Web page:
This is a squishy statement - imprecise ('near'? 'should'?) and not the type of thing we nerds excel in. But I believe this is an answerable question with technology. Some combination of rarity, closeness, extroversion, and other knowable factors help answer this question. Let me give you some examples:
- Do I care that my work acquaintance is at the bar a half mile away at 1 AM, when I've been asleep since 10pm? Probably not. (Especially if we've never talked outside of work)
- Do I care that my college roommate, who normally lives on Long Island, is about to fly out to San Francisco, 30 miles away from Palo Alto? Yes. (Especially if we've emailed or talked on Facebook or Google Chat since)
- Do I care that the woman who just walked into the bar also likes road biking, home brewing, skiing, and the Red Sox? (If I were unmarried) Unequivocally yes.
More than a few services have tried to solve items around this problem.
- On Facebook, you can search by "current city." Many users, however, don't fill this in and Facebook doesn't do radius search. It also doesn't cover weekend trips or other chance encounters.
- Foursquare has no concept of interestingness for a check-in. Users can select a radius for alerts, but there are so many check ins that it becomes too distracting - so users disable the alerts.
- Google Latitude got closest. For about a year, they had Latitude Alerts. Latitude kept your cell phone's location history and formed an approximate model of where you were at which time which day of the week. If you went somewhere strange for that day and time, it would alert people within an appropriate radius. For example, if I went home early one day, it would alert me of a friend in my neighborhood. If my friend flew from New York to San Francisco for the weekend, it would alert me. If they'd left it on, and if a critical mass of my friends used it, it would have been great.
None have handled friend-of-a-friend meetups, or potential compatible friends or partners. And none have handled a fine grain notification system that tailors itself to introversion level, work night partying tolerance, and ranking of contacts.
I used to check in on Foursquare religiously. Its game mechanics stimulated me, and I hoped to have chance encounters with friends. It started taking over 60 seconds to check in - geolocation takes too long, it showed irrelevant venues, and alerts were too noisy to leave on. I interviewed with them back in February for their new San Francisco office and pitched my idea - the reactions of the interviewers made it seem that they aren't interested in friends-meeting-friends.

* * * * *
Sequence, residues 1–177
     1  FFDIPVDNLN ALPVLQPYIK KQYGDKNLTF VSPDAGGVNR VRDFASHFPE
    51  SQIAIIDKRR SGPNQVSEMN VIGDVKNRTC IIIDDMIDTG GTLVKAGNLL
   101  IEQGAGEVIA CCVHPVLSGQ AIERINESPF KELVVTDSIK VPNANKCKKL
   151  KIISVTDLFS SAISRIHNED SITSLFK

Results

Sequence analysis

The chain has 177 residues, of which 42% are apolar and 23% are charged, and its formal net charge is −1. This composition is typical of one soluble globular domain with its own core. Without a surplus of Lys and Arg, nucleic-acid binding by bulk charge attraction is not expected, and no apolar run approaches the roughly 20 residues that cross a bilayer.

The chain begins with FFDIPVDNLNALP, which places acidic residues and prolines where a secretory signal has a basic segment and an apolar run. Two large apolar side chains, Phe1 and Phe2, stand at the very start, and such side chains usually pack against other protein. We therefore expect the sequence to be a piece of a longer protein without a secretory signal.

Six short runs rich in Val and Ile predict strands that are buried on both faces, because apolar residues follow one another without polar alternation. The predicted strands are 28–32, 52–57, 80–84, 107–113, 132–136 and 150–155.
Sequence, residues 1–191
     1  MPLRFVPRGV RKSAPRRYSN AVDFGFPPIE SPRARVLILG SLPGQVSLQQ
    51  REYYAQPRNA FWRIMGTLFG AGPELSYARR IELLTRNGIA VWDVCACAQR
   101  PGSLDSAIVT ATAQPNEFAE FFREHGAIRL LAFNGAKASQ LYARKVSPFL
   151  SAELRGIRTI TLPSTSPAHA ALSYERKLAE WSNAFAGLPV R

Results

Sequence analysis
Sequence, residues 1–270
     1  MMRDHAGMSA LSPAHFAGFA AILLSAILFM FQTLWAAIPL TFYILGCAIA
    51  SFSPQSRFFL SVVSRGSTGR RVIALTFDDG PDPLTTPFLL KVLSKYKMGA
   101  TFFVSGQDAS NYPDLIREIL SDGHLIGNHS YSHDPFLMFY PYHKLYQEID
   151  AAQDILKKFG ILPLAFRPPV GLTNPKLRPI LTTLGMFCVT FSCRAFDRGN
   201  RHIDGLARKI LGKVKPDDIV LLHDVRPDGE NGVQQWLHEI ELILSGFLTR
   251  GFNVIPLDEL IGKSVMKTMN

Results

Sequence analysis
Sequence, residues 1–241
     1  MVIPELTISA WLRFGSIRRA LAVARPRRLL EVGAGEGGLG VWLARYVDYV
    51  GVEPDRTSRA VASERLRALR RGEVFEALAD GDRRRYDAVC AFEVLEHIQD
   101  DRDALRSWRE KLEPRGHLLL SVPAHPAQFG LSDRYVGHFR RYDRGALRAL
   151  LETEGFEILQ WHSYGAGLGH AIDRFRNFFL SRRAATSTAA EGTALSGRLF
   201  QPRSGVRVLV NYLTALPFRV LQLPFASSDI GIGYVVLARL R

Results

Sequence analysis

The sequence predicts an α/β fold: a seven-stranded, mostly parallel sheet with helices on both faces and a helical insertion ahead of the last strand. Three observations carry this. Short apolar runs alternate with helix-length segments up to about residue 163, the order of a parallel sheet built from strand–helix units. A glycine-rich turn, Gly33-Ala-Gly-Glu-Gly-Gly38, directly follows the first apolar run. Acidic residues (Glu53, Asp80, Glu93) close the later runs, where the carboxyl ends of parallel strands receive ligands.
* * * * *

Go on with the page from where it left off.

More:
It drives me crazy is that this information is there. As a technologist, I figure the solution is to make a new service that combines Latitude and TripIt to know where you have been, are, and where you will be, combs your email, Foursquare, Twitter, and phone logs to know who you actually care about, and make a service that works primarily with other people who use the service. But the set-up cost is high, the privacy implications are high, and I can't see enough people coming on at once make it useful - I imagine burning out early adopters as it seems that Foursquare has done.
This all came to me because I'm in New York City this week and I'm struggling to figure out who is in town, who might be in town, and where in town they are. I ended up using "current city" on Facebook serially for the five boroughs, remembering who lives locally, checking Latitude, and spamming Twitter, Facebook, and Plus to try to find those who might happen to be here for the weekend. (If you want to meet up with me before I leave, I'm hanging out at Ginger Man in the Flatiron Saturday from 12:30pm-2:30pm!)
I don't have the answers. What I do know is meeting other people, seeing the people we know and share history with, is one of the greatest things in life. Meeting more friends is also emotionally valuable. Technology can help, but it's falling flat right now.